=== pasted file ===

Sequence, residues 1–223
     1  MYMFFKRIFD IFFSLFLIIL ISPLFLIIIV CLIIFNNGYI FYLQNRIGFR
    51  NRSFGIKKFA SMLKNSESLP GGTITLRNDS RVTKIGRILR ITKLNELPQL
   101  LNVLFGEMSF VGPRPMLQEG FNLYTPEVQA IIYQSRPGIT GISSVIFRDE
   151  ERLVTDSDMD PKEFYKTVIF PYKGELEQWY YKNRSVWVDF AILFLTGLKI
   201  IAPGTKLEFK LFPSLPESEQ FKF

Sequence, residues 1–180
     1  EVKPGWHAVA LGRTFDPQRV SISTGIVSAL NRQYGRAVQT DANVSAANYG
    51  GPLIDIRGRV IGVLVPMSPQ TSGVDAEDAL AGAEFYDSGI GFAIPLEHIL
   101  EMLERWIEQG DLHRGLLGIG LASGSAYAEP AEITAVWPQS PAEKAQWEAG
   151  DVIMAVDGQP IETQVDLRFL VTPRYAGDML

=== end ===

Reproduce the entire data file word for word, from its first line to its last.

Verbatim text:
Sequence, residues 1–223
     1  MYMFFKRIFD IFFSLFLIIL ISPLFLIIIV CLIIFNNGYI FYLQNRIGFR
    51  NRSFGIKKFA SMLKNSESLP GGTITLRNDS RVTKIGRILR ITKLNELPQL
   101  LNVLFGEMSF VGPRPMLQEG FNLYTPEVQA IIYQSRPGIT GISSVIFRDE
   151  ERLVTDSDMD PKEFYKTVIF PYKGELEQWY YKNRSVWVDF AILFLTGLKI
   201  IAPGTKLEFK LFPSLPESEQ FKF

Sequence, residues 1–180
     1  EVKPGWHAVA LGRTFDPQRV SISTGIVSAL NRQYGRAVQT DANVSAANYG
    51  GPLIDIRGRV IGVLVPMSPQ TSGVDAEDAL AGAEFYDSGI GFAIPLEHIL
   101  EMLERWIEQG DLHRGLLGIG LASGSAYAEP AEITAVWPQS PAEKAQWEAG
   151  DVIMAVDGQP IETQVDLRFL VTPRYAGDML